___Race Snippets

 

69th Tour de France 1982

 
   
 

By Barry Boyce CyclingRevealed Historian

 

Top 25 TdF

 

Hinault Joins an Elite Group

CR Timeline 1982

Defending champion Bernard “the Badger” Hinault returned the Tour de France with an opportunity to join an elite group of cycling heroes.  Hinault battled several challengers on June 6, 1982 to win the Maglia Rosa (race leader’s Pink Jersey) in the Giro d’Italia.  The Giro victory was his second in three years, and gave the Badger another chance to join Fausto Coppi, Jacques Anquetil, and Eddy Merckx as winners of the very difficult Giro/Tour double

SPECIAL NOTE: The trade team structure of the Tour came under fire in Paris at the end of 1981.  France’s Minister of Sports, watching the Tour finish on the Champs Elysees, objected to the amount of advertising in the peloton.  She said, “The groups of riders are a second ‘Publicity Caravan’.  The Tour will have to be reorganized, perhaps to the National team format.”  The Minister’s statement caused the Tour organizers great concern.  The previous National team format failed when sponsorship money became scarce.  The Tour needed the revenue from the sponsors to support the very elaborate production system of the race.  Tour organizers argued at length and ultimately won the debate.  No changes were made to the trade team structure of the Tour.

Bernard Hinault started the Tour with a bang.  A master in the “race against the clock” (individual time trial), Hinault won the prologue in Bale, Suisse by 7 seconds over Gerrie Knetemann (Ned), and donned the first Maillot Jaune (race leader’s Yellow Jersey) of the Tour.  Australian Phil Anderson grabbed the Maillot Jaune on stage 2.  Unlike his short stint in Yellow during 1981, he held the Jersey for 10 days before surrendering it to the Badger on stage 11. 

In 1982, two protests interrupted the Tour for social issues.  Tour organizers were forced to cancel stage 5 TTT, when striking factory workers stopped the race and refused to let the riders pass.  The canceled stage was later replaced by another TTT in Plumelec. 

 Several weeks later at the start of stage 16 in Orcieres, angry farmers blocked the road with their tractor and delayed the stage.  After their point was made, the farmers allowed the stage to start.

SPECIAL NOTE: In the history of the TdF, protests of Tour related issues have occurred:
1904- fans threw nails on the road in protest of unpopular disqualification of popular riders.
1966- riders protested the first doping control, as an attack on the freedom of professional racers.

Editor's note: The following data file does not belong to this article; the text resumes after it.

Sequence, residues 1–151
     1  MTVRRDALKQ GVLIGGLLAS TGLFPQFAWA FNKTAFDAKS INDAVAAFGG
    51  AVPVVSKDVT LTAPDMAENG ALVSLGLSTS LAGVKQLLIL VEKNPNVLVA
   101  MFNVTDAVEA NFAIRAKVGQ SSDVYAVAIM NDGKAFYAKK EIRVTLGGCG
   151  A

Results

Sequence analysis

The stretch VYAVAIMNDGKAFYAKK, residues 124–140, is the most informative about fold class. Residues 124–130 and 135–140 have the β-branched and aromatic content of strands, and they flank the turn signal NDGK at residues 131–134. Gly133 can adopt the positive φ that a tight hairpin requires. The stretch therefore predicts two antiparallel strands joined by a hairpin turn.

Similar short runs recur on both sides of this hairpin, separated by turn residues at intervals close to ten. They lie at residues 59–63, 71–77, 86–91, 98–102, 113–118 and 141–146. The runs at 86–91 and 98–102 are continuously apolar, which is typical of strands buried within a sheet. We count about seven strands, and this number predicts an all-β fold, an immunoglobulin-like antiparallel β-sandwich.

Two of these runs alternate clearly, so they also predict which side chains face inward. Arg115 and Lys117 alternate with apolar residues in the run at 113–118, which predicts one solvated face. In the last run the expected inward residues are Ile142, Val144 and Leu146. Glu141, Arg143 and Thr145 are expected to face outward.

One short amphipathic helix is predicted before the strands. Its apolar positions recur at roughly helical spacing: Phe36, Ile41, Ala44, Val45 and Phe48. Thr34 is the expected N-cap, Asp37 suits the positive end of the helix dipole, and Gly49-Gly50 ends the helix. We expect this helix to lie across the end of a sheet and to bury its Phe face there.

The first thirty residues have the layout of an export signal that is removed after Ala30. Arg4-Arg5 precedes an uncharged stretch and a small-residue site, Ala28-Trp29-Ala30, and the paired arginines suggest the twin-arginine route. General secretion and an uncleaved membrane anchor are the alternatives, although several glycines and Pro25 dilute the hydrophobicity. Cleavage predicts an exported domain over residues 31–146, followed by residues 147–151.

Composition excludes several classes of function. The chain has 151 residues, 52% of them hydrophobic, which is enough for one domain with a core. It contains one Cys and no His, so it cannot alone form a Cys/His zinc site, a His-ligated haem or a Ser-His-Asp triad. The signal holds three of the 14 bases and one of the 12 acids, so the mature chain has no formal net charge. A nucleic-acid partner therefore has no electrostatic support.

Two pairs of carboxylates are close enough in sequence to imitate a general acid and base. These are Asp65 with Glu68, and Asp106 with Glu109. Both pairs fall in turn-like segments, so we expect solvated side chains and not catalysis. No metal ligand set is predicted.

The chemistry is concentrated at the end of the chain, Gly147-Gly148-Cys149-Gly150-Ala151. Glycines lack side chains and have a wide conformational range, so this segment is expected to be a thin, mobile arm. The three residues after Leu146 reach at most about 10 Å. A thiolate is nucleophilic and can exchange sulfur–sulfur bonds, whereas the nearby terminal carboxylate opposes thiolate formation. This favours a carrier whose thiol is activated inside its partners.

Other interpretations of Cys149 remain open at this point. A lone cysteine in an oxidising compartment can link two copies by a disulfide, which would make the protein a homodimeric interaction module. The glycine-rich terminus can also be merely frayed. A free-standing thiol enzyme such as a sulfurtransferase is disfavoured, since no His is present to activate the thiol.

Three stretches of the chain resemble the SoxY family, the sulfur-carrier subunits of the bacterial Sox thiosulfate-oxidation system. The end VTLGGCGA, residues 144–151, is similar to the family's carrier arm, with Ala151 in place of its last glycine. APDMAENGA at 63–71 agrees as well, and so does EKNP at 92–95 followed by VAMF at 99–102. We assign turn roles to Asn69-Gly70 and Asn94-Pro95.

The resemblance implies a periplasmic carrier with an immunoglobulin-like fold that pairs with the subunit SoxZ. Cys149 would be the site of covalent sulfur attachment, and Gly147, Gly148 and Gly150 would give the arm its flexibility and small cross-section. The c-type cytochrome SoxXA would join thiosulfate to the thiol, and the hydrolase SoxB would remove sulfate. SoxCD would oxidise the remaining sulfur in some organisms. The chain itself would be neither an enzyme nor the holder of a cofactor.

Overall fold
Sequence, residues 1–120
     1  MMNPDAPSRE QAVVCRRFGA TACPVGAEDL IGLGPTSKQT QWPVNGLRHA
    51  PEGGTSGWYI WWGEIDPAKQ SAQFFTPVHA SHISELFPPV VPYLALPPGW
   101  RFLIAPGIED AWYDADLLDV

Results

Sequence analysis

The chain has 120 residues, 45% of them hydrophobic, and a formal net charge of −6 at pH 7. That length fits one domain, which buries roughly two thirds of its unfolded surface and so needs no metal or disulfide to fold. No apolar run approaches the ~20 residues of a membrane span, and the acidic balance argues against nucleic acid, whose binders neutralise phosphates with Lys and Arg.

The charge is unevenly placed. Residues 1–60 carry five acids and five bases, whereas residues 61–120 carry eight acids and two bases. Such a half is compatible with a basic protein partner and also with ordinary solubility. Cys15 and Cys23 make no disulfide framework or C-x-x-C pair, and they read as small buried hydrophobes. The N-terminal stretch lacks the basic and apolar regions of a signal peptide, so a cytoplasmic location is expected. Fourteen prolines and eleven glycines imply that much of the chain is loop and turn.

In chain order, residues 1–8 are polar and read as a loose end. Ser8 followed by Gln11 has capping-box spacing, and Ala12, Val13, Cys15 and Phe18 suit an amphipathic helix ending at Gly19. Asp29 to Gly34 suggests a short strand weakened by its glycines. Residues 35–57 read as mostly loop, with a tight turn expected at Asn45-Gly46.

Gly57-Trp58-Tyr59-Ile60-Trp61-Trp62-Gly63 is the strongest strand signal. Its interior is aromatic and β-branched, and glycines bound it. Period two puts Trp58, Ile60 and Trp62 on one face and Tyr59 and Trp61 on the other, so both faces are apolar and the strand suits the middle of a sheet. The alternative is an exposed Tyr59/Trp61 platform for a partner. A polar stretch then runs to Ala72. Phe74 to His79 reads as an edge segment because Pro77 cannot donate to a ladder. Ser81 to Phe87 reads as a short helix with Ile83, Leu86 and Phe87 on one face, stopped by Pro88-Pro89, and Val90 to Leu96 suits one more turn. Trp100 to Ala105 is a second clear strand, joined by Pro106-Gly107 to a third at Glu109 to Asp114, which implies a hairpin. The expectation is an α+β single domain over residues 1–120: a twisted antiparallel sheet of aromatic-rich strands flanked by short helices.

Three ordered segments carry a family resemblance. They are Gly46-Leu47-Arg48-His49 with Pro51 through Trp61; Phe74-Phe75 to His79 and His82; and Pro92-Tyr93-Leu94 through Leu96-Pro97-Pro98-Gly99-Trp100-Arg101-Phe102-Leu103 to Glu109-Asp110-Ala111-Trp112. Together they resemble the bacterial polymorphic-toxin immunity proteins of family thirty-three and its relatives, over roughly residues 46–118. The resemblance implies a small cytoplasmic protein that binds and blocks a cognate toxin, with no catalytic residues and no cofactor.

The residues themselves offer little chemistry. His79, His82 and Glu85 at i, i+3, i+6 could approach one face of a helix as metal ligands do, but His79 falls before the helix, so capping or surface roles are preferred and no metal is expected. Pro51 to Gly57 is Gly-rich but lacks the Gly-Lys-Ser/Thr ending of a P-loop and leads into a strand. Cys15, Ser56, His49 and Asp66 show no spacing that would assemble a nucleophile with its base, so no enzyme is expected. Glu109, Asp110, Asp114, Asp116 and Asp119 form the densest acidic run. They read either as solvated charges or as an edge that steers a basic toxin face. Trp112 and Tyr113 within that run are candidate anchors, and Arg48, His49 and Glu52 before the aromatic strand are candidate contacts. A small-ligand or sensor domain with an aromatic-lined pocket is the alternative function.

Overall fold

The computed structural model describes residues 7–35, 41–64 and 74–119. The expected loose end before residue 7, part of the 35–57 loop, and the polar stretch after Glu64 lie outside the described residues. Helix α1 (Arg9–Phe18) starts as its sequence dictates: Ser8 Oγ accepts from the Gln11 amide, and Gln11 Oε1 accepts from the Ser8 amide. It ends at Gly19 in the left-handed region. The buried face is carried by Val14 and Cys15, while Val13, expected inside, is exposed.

1968- journalists protested race co-director Felix Levitan’s statement criticizing the media for breaking down the Tour image with negative articles.  The journalists blocked the road and only let the riders pass.
1978- riders protested an early morning start time (07:30) after a late transfer to hotels the night before.  The riders rode the stage at 20 km/h (12.5 mph) and walked the final kilometer.

Once back in the Maillot Jaune, Hinault rode consistently and controlled all aspects of the race.  His performance lacked the enthusiasm on previous TdF victories but his dominance was no less complete.  Hinault climbed with the climbers, beat the time trialers, and out sprinted the sprinters on the Champs Elysees.  Bernard Hinault gained his fourth Tour de France championship and surpassed the great Louison Bobet on the all-time list of champions.

Stage and Distance

Stage Winner

Race Leader

Prologue BALE (Sui), 7.4 km ITT

Bernard Hinault (Fra)

Bernard Hinault (Fra)

Stage 1 CIRCUIT DE SCHUPFART-MOHLIN (Sui), 207 km

Ludo Peeters (Bel)

Ludo Peeters (Bel)

Stage 2 BALE (Sui)-NANCY, 250 km

Phil Anderson (Aus)

Phil Anderson (Aus)

Stage 3 NANCY-LONGWY, 134 km

Daniel Willems (Bel)

Phil Anderson (Aus)

Stage 4 BEAURAIN-MOUSCRON, 219 km

Gerrie Knetemann  (Ned)

Phil Anderson (Aus)

Stage 5 ORCHIES-FONTAINE au PIRE, TTT

Stage cancelled (demonstration)

Phil Anderson (Aus)

Stage 6 LILLE-LILLE, 233 km

Jan Raas (Ned)

Phil Anderson (Aus)

Stage 7 CANCALE-CONCARNEAU, 234 km

Pol Verschuere (Bel)

Phil Anderson (Aus)

Stage 8 CONCARNEAU-CHATEAULIN, 201 km

Frank Hoste (Bel)

Phil Anderson (Aus)

Stage 9a LORIENT-PLUMELEC, 69 km TTT (Replacement Stage)

TI RALEIGH-CAMPAG

Phil Anderson (Aus)

Stage 9b PLUMELEC-NANTES, 138 km

Stefan Mutter (Sui)

Phil Anderson (Aus)

Stage 10 SAINTES-BORDEAUX, 147 km

Pierre-Raymond Villemiane (Fra)

Phil Anderson (Aus)

Stage 11 VALENCE D'AGEN, 57 km ITT

Gerrie Knetemann (Ned)

Bernard Hinault (Fra)

Stage 12 FLEURANCE-PAU, 249 km

Sean Kelly (Ire)

Bernard Hinault (Fra)

Stage 13 PAU-ST LARY SOULAN/Plat d'Adet, 122 km

Beat Breu (Sui)

Bernard Hinault (Fra)

Stage 14 MARTIGUES, 32 km ITT

Bernard Hinault (Fra)

Bernard Hinault (Fra)

Stage 15 MANOSQUE-ORCIERES MERLETTE, 208 km

Pascal Simon (Fra)

Bernard Hinault (Fra)

Stage 16 ORCIERES MERLETTE-ALPE D'HUEZ, 123 km

Breu Beat (Sui)

Bernard Hinault (Fra)

Stage 17 BOURG D'OISANS-MORZINE, 251 km

Peter Winnen (Ned)

Bernard Hinault (Fra)

Stage 18 MORZINE-ST PRIEST, 233 km

Adri Van Houwelingen (Ned)

Bernard Hinault (Fra)

Stage 19 ST PRIEST-ST PRIEST, 48 km ITT

Bernard Hinault (Fra)

Bernard Hinault (Fra)

Stage 20 SENS-AULNAY SOUS BOIS, 161 km

Daniel Willems (Bel)

Bernard Hinault (Fra)

Stage 21 FONTENAY SOUS BOIS-PARIS/Champs Elysees, 187 km

Bernard Hinault (Fra) **

YJ Bernard Hinault (Fra)

PDJ Bernard Vallet (Fra)

GJ Sean Kelly (Ire)



TdF July 2 - July 25, 1982
3,510 Km

1. Bernard HINAULT (Fra) 93h43'44"

2. Joop Zoetemelk (Ned) +6'21"

3. Johan Van Der Velde (Ned) +8'59"

Starters: 170
Finishers: 125
Average Speed: 37.471 km/h

 

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